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The Kennedys Take America to Mass

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Most of the commentary on Senator Kennedy’s Catholicism has focused on the issues he espoused. Most note approvingly his many positions that advocated long held aspects of Catholic social teaching such as his efforts to alleviate poverty, his support for universal health care and his defense of workers’ rights. A minority, and a nasty minority at that, focuses on his pro-abortion rights position.

Religious delegation decries human rights' abuses in Honduras

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A religious delegation recently returned from a week-long visit to Honduras and issued as statement calling upon the U.S.:


  • to be unequivocal and very public in denouncing the brutal human rights violations committed by Honduran military and police forces;

  • to cancel diplomatic as well as tourist and business visas for a broader group of those implicated in orchestrating or leading the coup;

  • to freeze the accounts in U.S. banks of these same coup leaders; and

  • to follow the example of other nations by recalling Ambassador Llorens until the legitimate president of Honduras is restored to office.

Ted Kennedy's Catholicism

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Over on PoliticsDaily.com, David Gibson has one of the more interesting critiques of Ted Kennedy's life and times -- especially as it relates to his Catholicism -- that I have read. A teaser:

It is tempting to view Ted Kennedy's passing as the end of an era, both politically and culturally, but also religiously -- the end of a reform-minded, socially oriented Catholicism that entered the mainstream in the 1960s ...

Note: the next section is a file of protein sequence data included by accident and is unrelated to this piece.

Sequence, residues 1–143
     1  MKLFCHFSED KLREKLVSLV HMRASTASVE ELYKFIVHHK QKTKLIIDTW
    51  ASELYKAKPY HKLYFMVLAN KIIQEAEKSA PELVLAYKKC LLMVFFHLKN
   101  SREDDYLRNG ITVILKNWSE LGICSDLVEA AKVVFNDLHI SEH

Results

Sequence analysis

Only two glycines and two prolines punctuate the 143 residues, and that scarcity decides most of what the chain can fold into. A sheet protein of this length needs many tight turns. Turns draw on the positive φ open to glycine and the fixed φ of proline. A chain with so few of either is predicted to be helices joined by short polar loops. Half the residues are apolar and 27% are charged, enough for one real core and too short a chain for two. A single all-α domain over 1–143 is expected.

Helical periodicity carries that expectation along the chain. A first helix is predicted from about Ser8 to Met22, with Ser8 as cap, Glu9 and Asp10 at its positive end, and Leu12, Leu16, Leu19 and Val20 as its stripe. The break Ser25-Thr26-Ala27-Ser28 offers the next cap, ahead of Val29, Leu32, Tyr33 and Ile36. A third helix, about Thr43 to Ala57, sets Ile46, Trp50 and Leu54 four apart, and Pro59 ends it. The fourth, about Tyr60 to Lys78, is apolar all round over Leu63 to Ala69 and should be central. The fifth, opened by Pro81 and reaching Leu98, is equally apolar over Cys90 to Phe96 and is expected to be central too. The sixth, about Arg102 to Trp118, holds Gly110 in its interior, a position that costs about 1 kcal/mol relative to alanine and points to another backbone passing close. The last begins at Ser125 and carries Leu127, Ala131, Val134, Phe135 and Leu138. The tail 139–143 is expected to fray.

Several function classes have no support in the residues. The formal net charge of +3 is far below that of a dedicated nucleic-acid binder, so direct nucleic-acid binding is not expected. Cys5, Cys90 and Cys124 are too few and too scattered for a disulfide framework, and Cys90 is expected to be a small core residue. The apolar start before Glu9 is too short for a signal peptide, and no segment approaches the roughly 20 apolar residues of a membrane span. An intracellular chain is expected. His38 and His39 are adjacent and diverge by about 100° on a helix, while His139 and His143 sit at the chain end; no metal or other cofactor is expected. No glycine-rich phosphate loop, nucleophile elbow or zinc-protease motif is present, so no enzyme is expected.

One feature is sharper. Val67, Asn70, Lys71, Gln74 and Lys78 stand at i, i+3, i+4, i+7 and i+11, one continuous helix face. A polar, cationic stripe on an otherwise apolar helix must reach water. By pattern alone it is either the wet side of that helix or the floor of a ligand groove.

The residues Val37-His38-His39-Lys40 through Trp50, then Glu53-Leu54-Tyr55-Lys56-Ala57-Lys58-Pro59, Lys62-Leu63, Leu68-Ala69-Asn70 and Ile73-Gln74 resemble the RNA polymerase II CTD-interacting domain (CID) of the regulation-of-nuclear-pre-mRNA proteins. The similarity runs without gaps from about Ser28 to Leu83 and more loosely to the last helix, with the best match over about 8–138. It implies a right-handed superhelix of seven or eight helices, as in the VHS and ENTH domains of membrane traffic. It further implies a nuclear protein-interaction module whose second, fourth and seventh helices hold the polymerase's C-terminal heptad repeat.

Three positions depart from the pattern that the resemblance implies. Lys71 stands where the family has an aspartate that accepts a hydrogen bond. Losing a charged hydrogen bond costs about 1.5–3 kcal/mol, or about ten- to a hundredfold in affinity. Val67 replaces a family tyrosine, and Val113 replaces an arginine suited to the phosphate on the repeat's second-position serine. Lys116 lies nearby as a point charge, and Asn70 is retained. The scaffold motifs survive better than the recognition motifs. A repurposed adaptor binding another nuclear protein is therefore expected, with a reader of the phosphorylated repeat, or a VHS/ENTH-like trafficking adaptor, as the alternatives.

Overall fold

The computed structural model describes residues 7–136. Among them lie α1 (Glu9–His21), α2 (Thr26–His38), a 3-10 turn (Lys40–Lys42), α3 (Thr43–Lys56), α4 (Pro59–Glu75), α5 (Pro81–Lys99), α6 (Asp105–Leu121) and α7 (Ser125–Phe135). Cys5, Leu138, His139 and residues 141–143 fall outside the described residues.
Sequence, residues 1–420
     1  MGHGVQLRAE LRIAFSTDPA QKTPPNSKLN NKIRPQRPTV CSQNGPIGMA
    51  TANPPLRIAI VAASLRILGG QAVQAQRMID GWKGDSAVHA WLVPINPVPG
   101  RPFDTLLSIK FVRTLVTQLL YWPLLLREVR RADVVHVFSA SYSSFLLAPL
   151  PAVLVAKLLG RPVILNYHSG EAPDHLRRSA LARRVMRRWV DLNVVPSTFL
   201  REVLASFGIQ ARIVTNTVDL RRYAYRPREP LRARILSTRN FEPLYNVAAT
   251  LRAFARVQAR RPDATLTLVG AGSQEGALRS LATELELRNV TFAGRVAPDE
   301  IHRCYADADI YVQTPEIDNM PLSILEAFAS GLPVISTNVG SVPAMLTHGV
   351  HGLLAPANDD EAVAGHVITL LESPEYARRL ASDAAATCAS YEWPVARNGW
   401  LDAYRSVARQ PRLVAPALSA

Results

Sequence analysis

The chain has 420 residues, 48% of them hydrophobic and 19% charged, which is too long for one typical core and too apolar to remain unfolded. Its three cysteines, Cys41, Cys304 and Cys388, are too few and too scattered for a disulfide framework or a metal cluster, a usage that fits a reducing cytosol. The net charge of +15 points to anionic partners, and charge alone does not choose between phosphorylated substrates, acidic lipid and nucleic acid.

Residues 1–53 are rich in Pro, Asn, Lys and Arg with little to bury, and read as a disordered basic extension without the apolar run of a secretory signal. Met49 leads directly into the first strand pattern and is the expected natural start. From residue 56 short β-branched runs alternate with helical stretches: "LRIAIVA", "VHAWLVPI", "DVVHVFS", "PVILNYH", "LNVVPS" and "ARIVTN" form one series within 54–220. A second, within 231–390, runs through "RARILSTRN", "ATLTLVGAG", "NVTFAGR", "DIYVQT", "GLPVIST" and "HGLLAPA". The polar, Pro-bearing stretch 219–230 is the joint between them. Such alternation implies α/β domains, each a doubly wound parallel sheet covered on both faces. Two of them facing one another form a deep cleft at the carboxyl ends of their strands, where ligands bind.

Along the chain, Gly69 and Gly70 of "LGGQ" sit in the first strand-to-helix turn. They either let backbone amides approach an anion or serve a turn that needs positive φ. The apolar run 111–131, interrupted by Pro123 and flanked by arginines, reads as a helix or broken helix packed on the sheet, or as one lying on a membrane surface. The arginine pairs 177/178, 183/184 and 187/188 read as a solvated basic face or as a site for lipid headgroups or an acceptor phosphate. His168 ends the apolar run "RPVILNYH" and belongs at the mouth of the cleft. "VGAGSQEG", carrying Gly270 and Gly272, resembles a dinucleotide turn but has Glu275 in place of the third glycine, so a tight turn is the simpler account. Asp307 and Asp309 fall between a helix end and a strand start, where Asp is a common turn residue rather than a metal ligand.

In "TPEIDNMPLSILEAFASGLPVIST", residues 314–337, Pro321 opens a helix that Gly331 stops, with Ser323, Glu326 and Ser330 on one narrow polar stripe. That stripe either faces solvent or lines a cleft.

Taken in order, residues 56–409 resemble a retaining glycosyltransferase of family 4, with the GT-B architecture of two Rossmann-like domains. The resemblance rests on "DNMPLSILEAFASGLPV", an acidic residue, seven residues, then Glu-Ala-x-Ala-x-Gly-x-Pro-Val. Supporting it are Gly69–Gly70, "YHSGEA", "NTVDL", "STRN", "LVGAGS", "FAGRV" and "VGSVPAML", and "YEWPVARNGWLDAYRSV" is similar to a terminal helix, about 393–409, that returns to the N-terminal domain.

Yet conservatives shouldn't be too quick to bury the past and proclaim their own orthodoxy as the true heir of the American Catholic future. Surveys of young adult Catholics over recent years have shown that, in many respects, the younger generation resembles Kennedy's approach to faith and politics, with social justice and equality for women and gays as public markers of their religion, and devotion to the sacraments the lodestar of their private devotion.

Read the full column here: Camelot Catholicism: The Once and Future Church?

The world's eyes on Tulsa

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The globalization of information is something we live with every day, so much so that we take it for granted. But every once in a while, some thing happens that draws one's attention to the fact that news, information, is global and that diverse people have common interests

As a case in point, take a look at this sampling of sources and headlines for the last two days or so:

From NCR: Okla. bishop no longer faces people at Mass
From NewsOK.com: Tulsa Bishop to no longer face congregation during Mass
From InfoCatólica: El obispo de Tulsa, Oklahoma, reinstaura la posición «Ad Orientem»
From RKnieuws: Amerikaanse bisschop draagt mis weer op 'met rug naar het volk'
From Le Nouvelliste: À Tulsa (Oklahoma), l'évêque célèbre désormais « ad orientem »
From Agenzia di Stampa Asca: Vescovo usa celebrera' messa con le 'spalle al popolo'
From La Vie: Au Far West, la messe passe à l'Est
From TTX Công Giáo Vi?t Nam: Thánh L? Quay V? H??ng ?ông (Ch'nh trong chi?u h??ng ?y, ??c Cha Edward Slattery, ...)

I guess that it just goes to show you that a good story has legs.

Ted Kennedy: A Lion for Nuclear Disarmament

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Yesterday in this space I reported that in an interview I had with Ted Kennedy in 1981 he said that nuclear disarmament was the greatest challenge we faced as a nation, indeed, as a world family.

Not surprisingly, others are similarly reporting Kennedy's support for ridding the planet of these immoral weapons (Immoral, yes, because, by their very nature [size and contaminants], they cannot discriminate between combatants and noncombatants.)

Be mindful, age more slowly

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Want to age more slowly? Try mindfulness. At least one study links staying young with being mindful. When I was reading about the study I was, well, er, mindful about a book Benedictine Sister Joan Chittister wrote recently in which she essentially argues that one's biological clock can be influenced by one's spiritual or psychological clock. She calls it aging gracefully. I like that too.

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In This Issue

March 27-April 9, 2015

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